According to the GBdevwiki:

0000-1FFF - RAM Enable (Write Only)

Before external RAM can be read or written, it must be enabled by writing to this address space. It is recommended to disable external RAM after accessing it, in order to protect its contents from damage during power down of the gameboy.

What happens if you attempt to read/write while it's disabled? Does the CPU hang? The Gameboy crash? How should I implement this in an emulator? Just return a garbage value or crash the game?

3 Answers 3


Technically, the behaviour is what we call "undefined,"* meaning you can't know what will happen and the system is allowed to do anything it wants in response, up to and including launching a nuclear attack on another country.

That, of course, is highly unlikely (or you clearly got your hands on a Game Boy you should not have). The most likely scenario in this case is that writes would be ignored and reads would return unknown data. Exactly what would happen may vary with the particular cart and its specific memory controller; I can imagine perfectly plausible situations where on a read from one cart always returns 0, another returns random data, and a third returns exactly the contents of the RAM (i.e., "disabling" the RAM just write-protects it).

Less plausible, but still possible, would be a cart specifically designed to have "funny" behaviour when accessing the cartridge RAM addresses while disabled. It might, for example, have extra ROM that's mapped to that space when RAM is disabled, allowing for access to more ROM with less bank switching. Or there might be special hardware on the cartridge that's manipulated by writes to that area when RAM is disabled. This would also serve as a type of copy protection (intentional or not) by making the game more difficult to run on emulators: essentially the emulator would have to know about the game and emulate the cartridge's specific hardware as well as the Game Boy itself.

It may even vary as well with the particular model of Game Boy; it's not unusual for system designers explicitly to leave behaviour undefined so that they can take advantage of this to change how the hardware operates (usually to reduce costs) in later versions of the device.

For an emulator, I would start by generating an error and halting the emulation. This will help you find the cases where you need to deal with this and determine what the behaviour should be, which will hopefully be few and far between. (Nintendo puts all games through a farily detailed QA process, so they may well be checking the code to see game developers aren't doing this.)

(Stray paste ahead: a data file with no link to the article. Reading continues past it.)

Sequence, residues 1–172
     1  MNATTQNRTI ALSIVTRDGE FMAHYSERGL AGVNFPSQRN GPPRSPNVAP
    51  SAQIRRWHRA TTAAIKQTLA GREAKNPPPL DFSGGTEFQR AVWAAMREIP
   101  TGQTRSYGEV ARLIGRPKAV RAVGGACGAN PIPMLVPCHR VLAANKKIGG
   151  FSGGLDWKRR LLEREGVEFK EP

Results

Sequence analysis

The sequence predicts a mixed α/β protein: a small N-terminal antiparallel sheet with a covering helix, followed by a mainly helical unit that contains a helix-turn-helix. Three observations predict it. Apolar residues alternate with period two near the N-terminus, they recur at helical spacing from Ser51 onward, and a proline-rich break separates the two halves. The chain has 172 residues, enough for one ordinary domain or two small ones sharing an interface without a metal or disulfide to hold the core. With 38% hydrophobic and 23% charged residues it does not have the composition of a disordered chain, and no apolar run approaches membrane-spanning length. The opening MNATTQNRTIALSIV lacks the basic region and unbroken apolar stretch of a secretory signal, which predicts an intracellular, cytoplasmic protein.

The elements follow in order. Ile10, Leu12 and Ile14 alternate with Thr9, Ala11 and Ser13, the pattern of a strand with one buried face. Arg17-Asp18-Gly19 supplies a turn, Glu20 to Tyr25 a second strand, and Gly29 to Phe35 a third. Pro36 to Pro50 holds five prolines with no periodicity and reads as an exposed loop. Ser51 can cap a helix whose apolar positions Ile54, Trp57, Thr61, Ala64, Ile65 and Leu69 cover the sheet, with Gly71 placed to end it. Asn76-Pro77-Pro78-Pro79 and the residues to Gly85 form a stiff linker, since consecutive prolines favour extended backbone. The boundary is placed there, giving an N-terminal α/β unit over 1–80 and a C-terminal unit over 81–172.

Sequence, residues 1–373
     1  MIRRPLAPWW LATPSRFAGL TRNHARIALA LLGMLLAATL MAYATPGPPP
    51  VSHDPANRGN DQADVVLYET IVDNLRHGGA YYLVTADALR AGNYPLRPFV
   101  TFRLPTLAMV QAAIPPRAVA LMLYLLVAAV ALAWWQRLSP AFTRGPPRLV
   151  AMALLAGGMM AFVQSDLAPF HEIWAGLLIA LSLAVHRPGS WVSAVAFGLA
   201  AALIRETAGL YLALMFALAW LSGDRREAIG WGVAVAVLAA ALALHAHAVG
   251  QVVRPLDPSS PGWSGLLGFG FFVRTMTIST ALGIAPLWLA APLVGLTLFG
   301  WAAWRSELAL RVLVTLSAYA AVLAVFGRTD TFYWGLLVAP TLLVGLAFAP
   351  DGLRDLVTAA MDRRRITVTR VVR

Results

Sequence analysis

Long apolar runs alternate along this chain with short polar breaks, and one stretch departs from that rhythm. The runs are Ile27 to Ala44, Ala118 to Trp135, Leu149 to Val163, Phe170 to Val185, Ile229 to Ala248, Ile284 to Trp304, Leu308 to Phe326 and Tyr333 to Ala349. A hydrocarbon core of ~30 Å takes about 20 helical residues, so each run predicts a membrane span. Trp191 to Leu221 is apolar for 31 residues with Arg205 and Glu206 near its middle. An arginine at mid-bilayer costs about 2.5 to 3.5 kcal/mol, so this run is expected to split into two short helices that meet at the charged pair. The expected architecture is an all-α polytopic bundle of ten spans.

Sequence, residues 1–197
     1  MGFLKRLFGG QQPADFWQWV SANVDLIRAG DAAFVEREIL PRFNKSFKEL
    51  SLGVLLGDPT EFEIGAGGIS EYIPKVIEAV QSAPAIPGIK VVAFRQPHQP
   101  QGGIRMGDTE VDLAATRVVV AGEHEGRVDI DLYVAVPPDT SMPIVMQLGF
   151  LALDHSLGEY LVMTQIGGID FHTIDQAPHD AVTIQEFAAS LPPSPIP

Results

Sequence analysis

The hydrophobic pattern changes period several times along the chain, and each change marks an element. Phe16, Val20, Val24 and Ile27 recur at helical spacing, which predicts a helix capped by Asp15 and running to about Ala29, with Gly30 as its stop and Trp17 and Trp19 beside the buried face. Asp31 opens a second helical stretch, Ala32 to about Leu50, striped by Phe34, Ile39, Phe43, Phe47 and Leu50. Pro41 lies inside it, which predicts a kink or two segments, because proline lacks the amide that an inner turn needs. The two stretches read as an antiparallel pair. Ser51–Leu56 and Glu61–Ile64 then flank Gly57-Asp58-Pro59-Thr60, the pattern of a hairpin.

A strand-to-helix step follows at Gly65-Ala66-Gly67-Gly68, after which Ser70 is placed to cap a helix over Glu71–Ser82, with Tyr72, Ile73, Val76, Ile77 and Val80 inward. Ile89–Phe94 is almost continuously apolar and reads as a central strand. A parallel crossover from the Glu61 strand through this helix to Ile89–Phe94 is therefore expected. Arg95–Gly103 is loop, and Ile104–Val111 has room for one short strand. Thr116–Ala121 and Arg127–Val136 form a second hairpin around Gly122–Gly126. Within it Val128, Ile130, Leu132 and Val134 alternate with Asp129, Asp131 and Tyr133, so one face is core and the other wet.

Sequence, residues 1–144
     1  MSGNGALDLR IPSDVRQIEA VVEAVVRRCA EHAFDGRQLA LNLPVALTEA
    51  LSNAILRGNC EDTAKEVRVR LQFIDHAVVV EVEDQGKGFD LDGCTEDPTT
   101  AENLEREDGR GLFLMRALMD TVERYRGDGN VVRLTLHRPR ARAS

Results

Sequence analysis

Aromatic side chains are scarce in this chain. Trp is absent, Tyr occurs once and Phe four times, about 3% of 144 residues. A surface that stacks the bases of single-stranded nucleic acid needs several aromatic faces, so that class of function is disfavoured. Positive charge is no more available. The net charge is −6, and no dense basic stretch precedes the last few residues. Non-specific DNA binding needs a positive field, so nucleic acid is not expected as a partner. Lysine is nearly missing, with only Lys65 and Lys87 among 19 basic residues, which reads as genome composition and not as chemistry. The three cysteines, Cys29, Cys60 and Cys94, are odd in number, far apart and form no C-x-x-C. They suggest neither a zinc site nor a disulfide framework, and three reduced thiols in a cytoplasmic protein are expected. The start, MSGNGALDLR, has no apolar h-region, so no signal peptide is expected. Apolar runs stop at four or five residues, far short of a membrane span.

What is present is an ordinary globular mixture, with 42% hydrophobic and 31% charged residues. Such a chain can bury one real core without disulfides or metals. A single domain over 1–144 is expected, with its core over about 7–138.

Once you've found a game that triggers this, you need to figure out what to do about it, which will involve researching that particular game. There may be on-line resources for it where you can get advice from people who have already dealt with the issue. You can also reverse-engineer the game code to see what it might be trying to do (and whether it's a bug or the game is actually trying to use an undocumented feature) and change your emulator to try out different actions (returning random data, returning zeros, whatever) and test to see how that works.

Once you've figured out what to do, unless you can confirm that that particular behaviour is, even though undocumented, actually stable across all versions of the Game Boy and all cartridges and their memory management units, it's probably best to make the emulator detect that game and do your choosen behaviour only for it, continuing to abort the emulation for any other software that tries to do the same thing. This will let you continue to detect other games that are using undocumented and/or undefined behaviour and deal with their specific requirements when they come up.

*What is "undefined" is fairly clear when working with specifications from the original vendor: it's certainly whatever they tell you is not defined, and usually also what they omit to define in the documentation unless the behaviour is obvious by convention.

For reverse-engineered systems we're not working from original manufacturer documentation (detailed developer documentation for the GBA exists, but is proprietary) so the definition I'm using here for "defined behaviour" is "what extensive testing has shown to be consistently true for hardware considered to be working correctly."